Another week passes in the digital marketing industry and drops a care-package of news and views for you to catch up on. In this week’s look at the international news that matters to your business: Google and Bing talk EU ‘right to be forgotten’ processes; businesses in Singapore now subject to personal data protection act; Microsoft surpass Yahoo’s share of global ad market; Google rounds off World Cup doodle gallery; and Webmaster Tools hreflang feature available for all.
As the effect of the EU’s right to be forgotten ruling becomes clearer to searchers using European versions of Google, the search giant has revealed a little more about its process. As reported by Search Engine Roundtable, Google has formed an advisory council of outside experts to discuss how the law should be implemented. Google’s own description of the kinds of removal requests they’re receiving is illuminating:
“Serious criminal records, embarrassing photos, instances of online bullying and name-calling, decades-old allegations, negative press stories, and more.”
The advisory council page invites the public to share their views on the hugely controversial ruling. Though most of the focus so far has been on Google, all search engines that operate in the EU are obliged to implement changes. Bing has yet to make its move, with a statement recently issued saying that “developing an appropriate system is taking some time”.
The measures may amount to nothing, however. The BBC reports that there are already signs of a predicted ‘Streisand Effect’, with a new site launched to specifically call attention to censored search terms and links.
Econsultancy has an interesting write-up about the implications of Singapore’s personal data protection act – suggesting that the legislation is worth noting whether companies are trading in Singapore or not. The act works on principles of consent, purpose and reasonableness:
– “Consent – Organisations may collect, use or disclose personal data only with the individual’s knowledge and consent (with some exceptions);”
– “Purpose – Organisations may collect, use or disclose personal data in an appropriate manner for the circumstances, and only if they have informed the individual of purposes for the collection, use or disclosure; and”
– “Reasonableness – Organisations may collect, use or disclose personal data only for purposes that would be considered appropriate to a reasonable person in the given circumstances”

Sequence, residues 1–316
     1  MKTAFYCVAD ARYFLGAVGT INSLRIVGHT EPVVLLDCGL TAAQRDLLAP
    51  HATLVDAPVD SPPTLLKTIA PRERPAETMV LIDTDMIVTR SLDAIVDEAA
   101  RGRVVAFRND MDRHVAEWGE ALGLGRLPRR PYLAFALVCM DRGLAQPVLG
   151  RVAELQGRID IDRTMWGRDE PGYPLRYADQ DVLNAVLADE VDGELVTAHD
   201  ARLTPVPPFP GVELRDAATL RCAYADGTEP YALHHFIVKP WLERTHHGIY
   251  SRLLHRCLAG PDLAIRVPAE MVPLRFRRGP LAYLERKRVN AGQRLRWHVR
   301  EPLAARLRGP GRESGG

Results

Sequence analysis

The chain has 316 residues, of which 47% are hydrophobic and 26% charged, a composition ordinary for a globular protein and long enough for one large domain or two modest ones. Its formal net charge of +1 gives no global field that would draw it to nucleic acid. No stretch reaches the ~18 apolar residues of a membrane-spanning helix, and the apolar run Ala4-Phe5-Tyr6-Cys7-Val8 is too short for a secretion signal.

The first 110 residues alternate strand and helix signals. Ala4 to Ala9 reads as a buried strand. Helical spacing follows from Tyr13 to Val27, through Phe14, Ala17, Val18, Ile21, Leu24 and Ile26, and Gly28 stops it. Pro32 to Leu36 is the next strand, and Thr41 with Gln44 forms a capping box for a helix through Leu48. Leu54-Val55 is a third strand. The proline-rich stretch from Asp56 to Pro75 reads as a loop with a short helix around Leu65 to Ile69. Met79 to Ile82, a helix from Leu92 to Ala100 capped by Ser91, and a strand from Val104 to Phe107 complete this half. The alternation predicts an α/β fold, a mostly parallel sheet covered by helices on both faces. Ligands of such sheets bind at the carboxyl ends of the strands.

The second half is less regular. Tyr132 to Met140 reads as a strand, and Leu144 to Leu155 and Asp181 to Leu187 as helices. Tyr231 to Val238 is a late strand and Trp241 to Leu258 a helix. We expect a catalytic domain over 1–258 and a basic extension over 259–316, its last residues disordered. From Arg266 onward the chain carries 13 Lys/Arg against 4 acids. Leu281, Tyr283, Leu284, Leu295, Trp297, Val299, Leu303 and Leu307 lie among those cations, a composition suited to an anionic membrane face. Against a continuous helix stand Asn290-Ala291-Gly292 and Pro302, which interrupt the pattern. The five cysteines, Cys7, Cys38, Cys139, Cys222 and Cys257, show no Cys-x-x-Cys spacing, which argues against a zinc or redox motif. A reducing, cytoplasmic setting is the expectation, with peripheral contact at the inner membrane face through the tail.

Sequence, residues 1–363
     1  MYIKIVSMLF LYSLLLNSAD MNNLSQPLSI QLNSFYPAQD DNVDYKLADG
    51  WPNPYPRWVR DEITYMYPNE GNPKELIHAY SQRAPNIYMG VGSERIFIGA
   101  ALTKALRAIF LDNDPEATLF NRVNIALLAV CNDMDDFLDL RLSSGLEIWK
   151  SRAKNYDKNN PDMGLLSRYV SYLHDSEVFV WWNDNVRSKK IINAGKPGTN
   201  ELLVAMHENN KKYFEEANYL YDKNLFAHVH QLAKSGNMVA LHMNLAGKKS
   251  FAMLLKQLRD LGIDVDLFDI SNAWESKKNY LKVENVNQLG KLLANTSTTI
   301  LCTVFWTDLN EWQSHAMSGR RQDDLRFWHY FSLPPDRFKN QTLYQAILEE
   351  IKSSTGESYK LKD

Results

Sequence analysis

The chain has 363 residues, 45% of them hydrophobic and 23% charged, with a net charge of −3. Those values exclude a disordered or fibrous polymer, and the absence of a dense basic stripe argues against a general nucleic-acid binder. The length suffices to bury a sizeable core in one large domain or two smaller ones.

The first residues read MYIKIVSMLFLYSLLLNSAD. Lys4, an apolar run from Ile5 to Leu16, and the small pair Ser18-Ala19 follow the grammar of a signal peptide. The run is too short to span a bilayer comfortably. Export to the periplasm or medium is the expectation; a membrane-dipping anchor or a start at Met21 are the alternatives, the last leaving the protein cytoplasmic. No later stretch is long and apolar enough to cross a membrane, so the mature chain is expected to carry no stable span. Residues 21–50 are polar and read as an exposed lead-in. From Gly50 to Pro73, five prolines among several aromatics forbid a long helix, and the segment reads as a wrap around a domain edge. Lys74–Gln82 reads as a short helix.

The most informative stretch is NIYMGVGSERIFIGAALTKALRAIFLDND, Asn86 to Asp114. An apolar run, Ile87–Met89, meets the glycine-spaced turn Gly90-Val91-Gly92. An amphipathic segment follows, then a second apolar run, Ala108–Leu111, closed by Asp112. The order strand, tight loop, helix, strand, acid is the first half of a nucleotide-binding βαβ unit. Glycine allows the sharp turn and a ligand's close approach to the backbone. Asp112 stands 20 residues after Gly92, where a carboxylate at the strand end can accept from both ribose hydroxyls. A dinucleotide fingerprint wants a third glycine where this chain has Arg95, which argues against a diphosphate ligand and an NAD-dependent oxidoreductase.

Econsultancy argues that the act is less “heavy” and more reliant on common sense than similar acts passed in the EU and Canada. This increases the likelihood that other nations will look to Singapore’s implementation as a model for their own.
The global digital ad market – valued at just over $140bn – continues to evolve. Though Google retains a clear 31% share, an ascendant second place Facebook is up nearly 2% from 5.82% in 2013. This second place position was one once occupied by Yahoo, however, and though eMarketer reports that Yahoo is back in the black, it now finds itself in fourth place, behind Microsoft.
Google’s internationally diverse logo series of ‘doodles’ got into the World Cup spirit over the course of the tournament. Search Engine Land has a gallery of some of the best, though we’re particularly taken by the Google.de logo above, celebrating Germany’s win – mainly due to the cameo of the late Paul the Octopus driving a VW Beetle.
After a short period of beta testing among a group of external volunteers, Google Webmaster Tools’ new international targeting feature has become available to everyone. Google explains how to use the feature to troubleshoot hreflang annotations over on its Webmaster Central blog. The changes have also relocated the geographic targeting feature to the same “International Targeting” section (under “Search Traffic”).
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Image of Swiss Alps by Flickr user Pier-Luc Bergeron
Image of Singapore Merlion by Flickr user William Cho